For nearly 50 years Americans have celebrated Earth Day, setting aside time to contemplate our planet, its flora and fauna, the air we breathe, and the water we need to survive.
When Earth Day was launched, it seemed like the environment was headed toward certain disaster. Rivers were actually catching fire because of the toxic waste poured into them, smog hung heavy over cities like New York, and sea lions were covered in oil from massive oil spills off of the coast of California.
Wisconsin Senator Gaylord Nelson was so disturbed with these scenes that he began to organize a special day to bring attention to the planet’s plight, and the first Earth Day was held on April 22, 1970. An estimated 50 million people marched that day for Mother Earth.
Decades later it still seems like it’s one step forward and two steps back when it comes to protecting the Earth’s environment and wildlife, but grassroots efforts from people like you can make a difference. Here are eight ways Alabamians can do their part and celebrate our planet on Earth Day.
Hike, Cycle, or Paddle
One of the best ways to honor Earth Day is to get outside, really experience nature and develop a deeper appreciation of what we stand to lose. Go take a hike, a bike ride, or a paddle. Sounds simple enough, right? But many people with busy schedules tend to be distracted and in a hurry when they go outdoors, speeding down trails or staring at smartphones, and never really experiencing the world around them.
Slow down and take the time not only on Earth Day but every day to revel in nature. Experience the little things. It doesn’t have to be a long trip. A simple mile or two at a slower speed with your eyes wide open will give you a new perspective on our world. You’ll discover new bugs and insects you may have never seen before, find the smallest wildflowers that would normally be unseen and possibly trampled on, or see a bald eagle soaring above you.
Participate in a Clean-Up Effort
Get a little fresh air, meet new friends, and help clean up your community by taking part in a clean-up event. Just about every town in America holds such an event on Earth Day and other days throughout the year, like the Alabama Coastal Cleanup that helps clean our Gulf beaches and waterways, or the many roadway cleanups that are just as important, because all of that debris on our highways eventually ends up in our waterways and is detrimental to wildlife.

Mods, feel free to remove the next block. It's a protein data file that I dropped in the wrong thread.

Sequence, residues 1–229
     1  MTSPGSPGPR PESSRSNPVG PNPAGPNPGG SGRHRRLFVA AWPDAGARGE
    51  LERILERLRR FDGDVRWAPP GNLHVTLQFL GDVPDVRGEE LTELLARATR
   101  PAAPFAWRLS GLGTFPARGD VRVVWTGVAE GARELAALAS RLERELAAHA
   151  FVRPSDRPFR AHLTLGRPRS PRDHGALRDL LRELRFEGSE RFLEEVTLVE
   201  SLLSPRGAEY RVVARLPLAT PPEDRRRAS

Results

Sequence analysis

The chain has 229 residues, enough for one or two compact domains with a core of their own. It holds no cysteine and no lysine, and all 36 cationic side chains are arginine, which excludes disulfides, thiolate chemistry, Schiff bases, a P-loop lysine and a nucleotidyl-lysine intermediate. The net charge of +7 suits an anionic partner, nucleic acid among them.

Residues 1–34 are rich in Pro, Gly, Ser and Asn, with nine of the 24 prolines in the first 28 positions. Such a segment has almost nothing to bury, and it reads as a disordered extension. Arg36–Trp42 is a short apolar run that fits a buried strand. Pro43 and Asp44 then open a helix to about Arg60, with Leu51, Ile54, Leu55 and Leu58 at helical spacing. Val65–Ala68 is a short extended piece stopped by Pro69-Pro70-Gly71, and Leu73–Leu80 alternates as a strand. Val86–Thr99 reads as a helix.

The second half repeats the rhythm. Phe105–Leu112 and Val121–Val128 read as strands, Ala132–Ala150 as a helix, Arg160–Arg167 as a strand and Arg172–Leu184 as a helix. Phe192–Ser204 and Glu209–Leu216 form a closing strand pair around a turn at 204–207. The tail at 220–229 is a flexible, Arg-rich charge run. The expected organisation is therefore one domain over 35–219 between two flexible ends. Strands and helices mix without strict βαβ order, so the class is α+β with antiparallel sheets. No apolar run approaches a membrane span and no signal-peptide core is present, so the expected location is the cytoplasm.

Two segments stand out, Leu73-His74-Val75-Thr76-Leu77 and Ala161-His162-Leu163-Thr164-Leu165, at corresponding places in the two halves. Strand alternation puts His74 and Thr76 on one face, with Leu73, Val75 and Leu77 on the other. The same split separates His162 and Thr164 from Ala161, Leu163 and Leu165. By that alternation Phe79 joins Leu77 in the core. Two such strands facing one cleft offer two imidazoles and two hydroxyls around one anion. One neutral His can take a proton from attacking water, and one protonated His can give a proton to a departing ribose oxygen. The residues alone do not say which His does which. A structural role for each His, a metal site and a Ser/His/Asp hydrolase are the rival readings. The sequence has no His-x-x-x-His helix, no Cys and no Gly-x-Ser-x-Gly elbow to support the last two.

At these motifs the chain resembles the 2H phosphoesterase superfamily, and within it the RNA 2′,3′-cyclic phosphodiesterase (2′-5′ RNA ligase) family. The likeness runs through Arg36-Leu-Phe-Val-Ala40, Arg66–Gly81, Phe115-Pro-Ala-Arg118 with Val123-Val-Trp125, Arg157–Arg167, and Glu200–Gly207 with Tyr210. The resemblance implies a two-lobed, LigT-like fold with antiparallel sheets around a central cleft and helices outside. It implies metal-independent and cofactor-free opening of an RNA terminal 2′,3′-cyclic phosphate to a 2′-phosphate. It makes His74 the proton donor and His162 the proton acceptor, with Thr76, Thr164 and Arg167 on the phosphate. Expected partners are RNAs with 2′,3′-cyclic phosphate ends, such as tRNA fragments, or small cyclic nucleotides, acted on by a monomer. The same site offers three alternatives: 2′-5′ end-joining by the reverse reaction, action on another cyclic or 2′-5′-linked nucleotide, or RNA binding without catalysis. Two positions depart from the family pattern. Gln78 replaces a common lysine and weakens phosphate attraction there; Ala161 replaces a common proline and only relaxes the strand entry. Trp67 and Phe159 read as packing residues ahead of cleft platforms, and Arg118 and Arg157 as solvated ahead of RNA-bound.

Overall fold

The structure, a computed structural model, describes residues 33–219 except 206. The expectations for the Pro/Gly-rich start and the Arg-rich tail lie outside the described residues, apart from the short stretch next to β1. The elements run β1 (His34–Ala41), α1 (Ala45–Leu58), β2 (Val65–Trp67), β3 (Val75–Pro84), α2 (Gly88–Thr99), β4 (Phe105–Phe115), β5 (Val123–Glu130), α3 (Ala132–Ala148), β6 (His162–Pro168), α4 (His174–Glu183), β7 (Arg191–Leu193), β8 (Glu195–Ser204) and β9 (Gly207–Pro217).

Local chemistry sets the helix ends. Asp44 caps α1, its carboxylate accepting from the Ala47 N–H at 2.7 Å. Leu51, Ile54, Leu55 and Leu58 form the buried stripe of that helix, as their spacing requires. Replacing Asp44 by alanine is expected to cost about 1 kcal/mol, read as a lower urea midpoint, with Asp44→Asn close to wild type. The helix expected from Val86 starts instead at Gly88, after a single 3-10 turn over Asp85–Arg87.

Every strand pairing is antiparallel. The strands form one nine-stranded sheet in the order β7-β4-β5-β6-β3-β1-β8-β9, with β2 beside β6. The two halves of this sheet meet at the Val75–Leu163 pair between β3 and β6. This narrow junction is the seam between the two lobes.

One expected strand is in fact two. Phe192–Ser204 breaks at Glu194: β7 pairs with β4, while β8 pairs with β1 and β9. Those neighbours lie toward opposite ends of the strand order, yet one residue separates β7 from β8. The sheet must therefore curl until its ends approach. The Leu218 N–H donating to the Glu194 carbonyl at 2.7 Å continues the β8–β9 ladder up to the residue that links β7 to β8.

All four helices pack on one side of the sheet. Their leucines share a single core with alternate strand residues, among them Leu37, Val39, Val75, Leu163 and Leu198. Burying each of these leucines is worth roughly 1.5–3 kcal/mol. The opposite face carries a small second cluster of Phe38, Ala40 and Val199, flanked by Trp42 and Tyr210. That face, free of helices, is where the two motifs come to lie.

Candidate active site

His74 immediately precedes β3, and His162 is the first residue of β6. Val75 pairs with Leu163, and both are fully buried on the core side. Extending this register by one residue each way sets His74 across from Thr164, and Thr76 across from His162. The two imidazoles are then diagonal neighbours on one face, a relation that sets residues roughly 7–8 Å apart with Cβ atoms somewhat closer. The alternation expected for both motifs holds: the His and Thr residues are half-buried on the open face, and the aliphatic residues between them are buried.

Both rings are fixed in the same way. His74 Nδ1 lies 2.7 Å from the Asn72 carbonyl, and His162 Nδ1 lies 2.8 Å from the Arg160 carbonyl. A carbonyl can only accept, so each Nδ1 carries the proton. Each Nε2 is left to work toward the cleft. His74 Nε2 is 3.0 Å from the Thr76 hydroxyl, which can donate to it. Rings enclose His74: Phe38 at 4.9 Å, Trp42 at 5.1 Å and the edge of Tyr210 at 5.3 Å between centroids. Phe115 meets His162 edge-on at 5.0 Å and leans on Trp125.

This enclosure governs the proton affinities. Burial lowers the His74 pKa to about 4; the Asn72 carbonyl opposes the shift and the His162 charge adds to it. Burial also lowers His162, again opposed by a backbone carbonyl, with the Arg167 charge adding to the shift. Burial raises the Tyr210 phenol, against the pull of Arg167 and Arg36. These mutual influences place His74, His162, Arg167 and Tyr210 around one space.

You don’t need to join an organized event. Simply carry a trash bag with you and pick up what others have left behind on our trails, rivers, beaches, and roads.
Build a Wildlife Oasis
Wildlife needs our help, too, and one of the best ways to help is to build a wildlife oasis in your backyard.
It doesn’t matter how big or how small your property is, or the size of the habitat you create. You’ll still improve the health of the soil, air, and water in your area, and you’ll provide habitat where native wildlife can flourish.
A simple garden of perennial native plants provides nectar, seeds, foliage, and pollen for an incredible number of birds, bees, and butterflies. If you set up a habitat, remember that it’s important to supply water, and you can use a simple bird bath or other container. An excellent source of information about starting your Wildlife Habitat can be found on the National Wildlife Federation’s website.
Plant a Tree
Once again, whether you have a small lot or a few acres of property you can really help the environment by planting a tree, or two, or more.
Trees improve the air quality by filtering out ozone, carbon monoxide, and other harmful gases, while giving off clean oxygen in the process. Plus, trees provide food and shelter for birds and mammals.
Get Involved with Community Gardening
Since we’re talking about sprucing up the garden, consider volunteering with a community garden or you can start one one in your neighborhood.
A community garden can be a simple plot with beautiful flowers or, more commonly, a fruit and vegetable garden that can provide healthy eating to its volunteers and their families, or help feed the needy.
Besides being a source of food, a community garden helps the environment by providing a green space where the plants help the air we breathe. It also can turn old, vacant lots and properties into a productive city center.
Brush Up on Leave No Trace Practices
Many folks know something about Leave No Trace practices for activities on trails or rivers. But, did you know that there are separate guidelines for practicing LNT in your own home and neighborhood? Earth Day is a good time to learn about those practices and brush up on the ones you already know. You’ll be amazed how much you may have forgotten.
Volunteer with Non-Profit Eco-Friendly Organizations
Alabama has some remarkable non-profit organizations that are working to make the environment better for all of us and future generations. Groups such as Wild South, Mobile Bay Keepers, and Alabama River Alliance are at the forefront of protecting our waterways, lands, and air in the state.
This Earth Day, consider volunteering with one of those organizations to help continue their mission. If you can’t volunteer, a donation of any amount will go a long way. To identify and research organizations, check out Auburn University’s Alabama Grassroots Clearinghouse.
Knowledge is the Key
The best thing you can do to help celebrate the Earth is to gain knowledge about its environment, wildlife, and the problems it’s facing as well as possible solutions. It seems like a daunting task, but that’s what Earth Day is ultimately about—teaching everyone about the Earth and how to protect it. A good jumping off point is to attend one of the many Earth Day celebrations scheduled throughout Alabama.
Here is only a short list of events. For others, check your local visitors bureau or Chamber of Commerce.
Written by Joe Cuhaj for RootsRated in partnership with BCBS of AL.